Dillian Whyte has spoken to the media for the first time since his fight against Tyson Fury got announced.
The "Body Snatcher" is currently training for their upcoming clash at Wembley Stadium on April 23 for the WBC heavyweight title.
Whyte - with a record of 28-2, including a win over former champion Joseph Parker - has said he is under 'no illusion' about the challenge he faces.
"I'm up against a big guy - in a hard fight against an undefeated world champion but I believe I'll go out there and beat him. It'll be good to shut the world up.
"Listen this is a business," when asked about remaining silent during the build-up of the fight. "It is not the Tyson Fury show. Everybody says ‘Tyson Fury this, Tyson Fury that’. If Tyson Fury was the big star, he would have sold out the fights with Deontay Wilder. The fights were never sold out so this sold out because of me and Tyson Fury.
"Tyson Fury fought Wilder and Wilder was the biggest superstar ever and none of the fights sold out. Let's be honest about it. It is not just the Tyson Fury show, it is the Tyson Fury and Dillian Whyte show. We are both in the fight together so certain things need to be done correctly.
"I don't dance to no one's (sic) tune, I am a warrior and survivor. We can dance together but it can't be one-way traffic so things needed to be sorted out, things needed to be arranged and had to get done. That is it.
"I am a disciplined guy, I have learned to be disciplined over the years and, OK, if you want me to do things, I am up for it.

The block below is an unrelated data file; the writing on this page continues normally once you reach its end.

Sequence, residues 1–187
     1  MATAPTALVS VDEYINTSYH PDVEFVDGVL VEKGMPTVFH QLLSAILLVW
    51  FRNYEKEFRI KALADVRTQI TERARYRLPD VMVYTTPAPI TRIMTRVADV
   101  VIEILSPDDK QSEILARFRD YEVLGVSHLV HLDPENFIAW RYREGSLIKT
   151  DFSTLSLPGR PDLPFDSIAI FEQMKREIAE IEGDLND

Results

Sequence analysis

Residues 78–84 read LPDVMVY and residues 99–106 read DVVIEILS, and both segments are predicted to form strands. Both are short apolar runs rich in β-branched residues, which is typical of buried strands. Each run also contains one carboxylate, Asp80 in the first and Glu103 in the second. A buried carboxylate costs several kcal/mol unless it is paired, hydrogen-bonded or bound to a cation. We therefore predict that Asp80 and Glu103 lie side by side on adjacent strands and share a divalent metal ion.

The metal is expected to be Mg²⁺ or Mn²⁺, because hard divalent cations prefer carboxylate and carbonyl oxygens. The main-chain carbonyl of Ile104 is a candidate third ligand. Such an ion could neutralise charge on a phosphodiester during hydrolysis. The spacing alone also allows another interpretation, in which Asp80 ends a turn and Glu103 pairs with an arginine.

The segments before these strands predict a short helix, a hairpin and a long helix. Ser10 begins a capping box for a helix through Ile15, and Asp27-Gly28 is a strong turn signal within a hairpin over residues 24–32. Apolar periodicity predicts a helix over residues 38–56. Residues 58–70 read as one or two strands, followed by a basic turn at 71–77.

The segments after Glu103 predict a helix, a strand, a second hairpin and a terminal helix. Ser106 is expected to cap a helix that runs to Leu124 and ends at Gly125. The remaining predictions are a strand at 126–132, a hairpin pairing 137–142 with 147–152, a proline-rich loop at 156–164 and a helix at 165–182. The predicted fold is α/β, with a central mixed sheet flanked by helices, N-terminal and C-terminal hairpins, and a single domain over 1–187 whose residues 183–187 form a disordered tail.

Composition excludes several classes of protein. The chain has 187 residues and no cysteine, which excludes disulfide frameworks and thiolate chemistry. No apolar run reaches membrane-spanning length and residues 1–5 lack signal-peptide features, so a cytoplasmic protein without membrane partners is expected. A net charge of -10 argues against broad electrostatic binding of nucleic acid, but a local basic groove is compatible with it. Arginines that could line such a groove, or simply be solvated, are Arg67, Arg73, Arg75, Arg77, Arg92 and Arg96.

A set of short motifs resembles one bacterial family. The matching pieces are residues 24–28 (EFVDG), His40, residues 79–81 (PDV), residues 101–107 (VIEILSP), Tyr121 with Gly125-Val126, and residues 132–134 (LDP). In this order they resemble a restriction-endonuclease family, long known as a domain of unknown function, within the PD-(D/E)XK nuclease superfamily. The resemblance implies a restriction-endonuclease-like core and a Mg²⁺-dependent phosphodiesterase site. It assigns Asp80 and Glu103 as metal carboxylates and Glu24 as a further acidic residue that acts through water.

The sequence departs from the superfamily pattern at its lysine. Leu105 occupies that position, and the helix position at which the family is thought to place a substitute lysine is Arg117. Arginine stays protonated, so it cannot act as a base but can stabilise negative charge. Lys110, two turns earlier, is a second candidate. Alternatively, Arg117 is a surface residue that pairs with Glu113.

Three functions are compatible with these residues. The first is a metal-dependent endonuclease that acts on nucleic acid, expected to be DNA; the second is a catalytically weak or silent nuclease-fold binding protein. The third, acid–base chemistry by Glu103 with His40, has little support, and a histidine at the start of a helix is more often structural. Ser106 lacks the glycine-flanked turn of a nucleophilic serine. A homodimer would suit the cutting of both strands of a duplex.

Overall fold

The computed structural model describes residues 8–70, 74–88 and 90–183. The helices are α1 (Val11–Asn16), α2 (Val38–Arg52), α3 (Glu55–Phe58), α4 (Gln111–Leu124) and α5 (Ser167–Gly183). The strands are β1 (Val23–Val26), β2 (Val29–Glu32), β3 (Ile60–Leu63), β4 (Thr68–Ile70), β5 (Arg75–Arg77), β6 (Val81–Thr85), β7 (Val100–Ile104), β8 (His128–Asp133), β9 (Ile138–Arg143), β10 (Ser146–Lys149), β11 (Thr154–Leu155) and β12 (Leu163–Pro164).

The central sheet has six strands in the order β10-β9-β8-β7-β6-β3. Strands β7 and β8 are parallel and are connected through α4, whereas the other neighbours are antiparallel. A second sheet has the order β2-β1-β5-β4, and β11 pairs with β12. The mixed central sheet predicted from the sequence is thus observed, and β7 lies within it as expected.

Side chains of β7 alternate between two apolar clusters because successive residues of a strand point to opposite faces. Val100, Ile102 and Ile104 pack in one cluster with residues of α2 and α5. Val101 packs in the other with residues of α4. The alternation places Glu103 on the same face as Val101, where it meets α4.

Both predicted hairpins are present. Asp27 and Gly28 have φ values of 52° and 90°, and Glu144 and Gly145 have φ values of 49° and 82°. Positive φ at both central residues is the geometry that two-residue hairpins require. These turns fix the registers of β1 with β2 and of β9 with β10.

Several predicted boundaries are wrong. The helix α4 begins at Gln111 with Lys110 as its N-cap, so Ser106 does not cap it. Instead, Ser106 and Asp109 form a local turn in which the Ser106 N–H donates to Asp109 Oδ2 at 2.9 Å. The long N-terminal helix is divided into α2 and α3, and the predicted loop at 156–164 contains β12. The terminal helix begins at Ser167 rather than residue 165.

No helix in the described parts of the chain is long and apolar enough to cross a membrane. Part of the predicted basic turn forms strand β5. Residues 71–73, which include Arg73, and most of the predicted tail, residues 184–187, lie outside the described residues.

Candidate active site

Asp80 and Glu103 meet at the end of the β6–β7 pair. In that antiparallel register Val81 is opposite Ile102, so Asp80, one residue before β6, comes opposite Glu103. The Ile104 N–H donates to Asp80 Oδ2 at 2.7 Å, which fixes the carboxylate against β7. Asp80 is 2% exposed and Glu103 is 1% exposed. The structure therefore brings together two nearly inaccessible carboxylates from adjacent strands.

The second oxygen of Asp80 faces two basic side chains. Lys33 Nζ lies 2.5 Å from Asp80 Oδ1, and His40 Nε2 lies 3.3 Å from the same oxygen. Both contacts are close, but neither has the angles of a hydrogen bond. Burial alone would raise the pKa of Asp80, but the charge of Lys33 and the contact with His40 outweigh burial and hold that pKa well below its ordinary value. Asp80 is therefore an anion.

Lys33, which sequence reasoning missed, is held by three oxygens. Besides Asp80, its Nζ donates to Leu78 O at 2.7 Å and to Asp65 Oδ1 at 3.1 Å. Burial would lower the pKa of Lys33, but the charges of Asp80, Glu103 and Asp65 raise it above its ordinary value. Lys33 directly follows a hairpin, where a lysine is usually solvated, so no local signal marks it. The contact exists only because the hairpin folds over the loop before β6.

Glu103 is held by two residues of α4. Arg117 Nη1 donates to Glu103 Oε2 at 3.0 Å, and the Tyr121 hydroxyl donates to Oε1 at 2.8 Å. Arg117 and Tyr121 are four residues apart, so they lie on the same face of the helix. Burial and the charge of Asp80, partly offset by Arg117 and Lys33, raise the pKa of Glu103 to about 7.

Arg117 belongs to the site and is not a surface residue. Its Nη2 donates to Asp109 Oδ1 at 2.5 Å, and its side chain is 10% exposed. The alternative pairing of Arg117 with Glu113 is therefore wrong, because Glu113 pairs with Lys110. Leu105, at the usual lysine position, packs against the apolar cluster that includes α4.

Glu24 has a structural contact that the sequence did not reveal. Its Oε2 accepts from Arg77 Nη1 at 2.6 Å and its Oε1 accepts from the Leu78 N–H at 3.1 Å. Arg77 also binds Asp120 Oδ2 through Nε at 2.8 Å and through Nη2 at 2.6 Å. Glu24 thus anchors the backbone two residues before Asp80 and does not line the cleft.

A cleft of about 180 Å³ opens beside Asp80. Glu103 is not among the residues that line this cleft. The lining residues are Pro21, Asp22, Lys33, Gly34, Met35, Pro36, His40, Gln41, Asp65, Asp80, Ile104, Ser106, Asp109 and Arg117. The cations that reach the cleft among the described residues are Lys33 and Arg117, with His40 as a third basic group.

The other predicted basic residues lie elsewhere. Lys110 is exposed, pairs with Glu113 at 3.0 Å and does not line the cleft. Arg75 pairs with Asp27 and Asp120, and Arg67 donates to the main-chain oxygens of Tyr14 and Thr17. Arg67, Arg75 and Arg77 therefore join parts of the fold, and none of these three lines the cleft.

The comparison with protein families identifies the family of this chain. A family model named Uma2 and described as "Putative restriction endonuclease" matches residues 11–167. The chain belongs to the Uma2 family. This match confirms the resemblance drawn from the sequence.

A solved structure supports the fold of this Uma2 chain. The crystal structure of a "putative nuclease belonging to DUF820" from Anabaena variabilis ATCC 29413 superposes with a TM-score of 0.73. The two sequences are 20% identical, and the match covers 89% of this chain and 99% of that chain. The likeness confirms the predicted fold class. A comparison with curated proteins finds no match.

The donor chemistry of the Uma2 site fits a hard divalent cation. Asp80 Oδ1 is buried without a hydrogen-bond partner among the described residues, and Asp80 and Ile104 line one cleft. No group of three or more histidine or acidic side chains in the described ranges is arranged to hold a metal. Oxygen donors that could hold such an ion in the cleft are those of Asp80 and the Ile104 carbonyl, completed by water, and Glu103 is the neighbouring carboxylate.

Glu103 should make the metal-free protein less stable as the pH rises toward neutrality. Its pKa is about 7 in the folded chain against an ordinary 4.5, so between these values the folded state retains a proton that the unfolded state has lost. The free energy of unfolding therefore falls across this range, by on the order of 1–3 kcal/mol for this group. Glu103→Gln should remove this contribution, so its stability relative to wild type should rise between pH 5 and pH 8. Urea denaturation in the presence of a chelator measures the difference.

"I am a professional, I have had six or seven pay-per-view shows and I have worked hard on them and always looked after my opponents and dealt with them correctly."
Whyte, who turned 34 this week, has not fought since avenging a defeat against Alexander Povetkin in Gilbraltar last March.
Despite a 13-month absence outside of the ring, Whyte is not concerned about ring rust being a factor in the domestic dust-up.
It completed the long-running trilogy series between the pair, with Fury winning two of them inside the distance.
In his first encounter against Wilder, Fury - who drew against the 'Bronze Bomber' - said he had donated his purse to charity, something Whyte questioned on the media Zoom call.
"We're waiting to find out what charity the £7m went to after the Wilder fight. Ask him and see what he answers," said Whyte.
"We've gone through a lot of scenarios and planned a lot of things," Whyte said when asked how we will envisage the fight mapping out against Fury.
"I don't know what's going to happen. The bell might go and I just start fu**ing having it in the first round. He might be a bit more trickier or I might be a bit more trickier than he expected.
"It's one of those fights where I have to keep adapting and keep changing and keep adapting to my situation and surrounding."
Tyson Fury won't retire after Whyte fight
Fury's father John Fury spoke to talkSPORT on Thursday and revealed Tyson is in the greatest shape of his career going into his title defence against Whyte.
John also shot down his own son about retiring from the sport after April 23, claiming it was 'bulls**t'.
"Bulls**t. Tyson is as mad as a box of frogs, where's he gonna go without boxing? Boxing's his life," he said.
"Tyson's the biggest wind-up merchant in the world, people should know him by now."
"He's probably had the best camp he's ever had. His weights bang on, he's as fit as a fiddle and he's raring to go," added John Fury.
"We're focused solely on this fight more than any other I think, because we know what's at stake, we know what we've got to do and it's a mission to get rid of Dillian Whyte in fantastic fashion and style."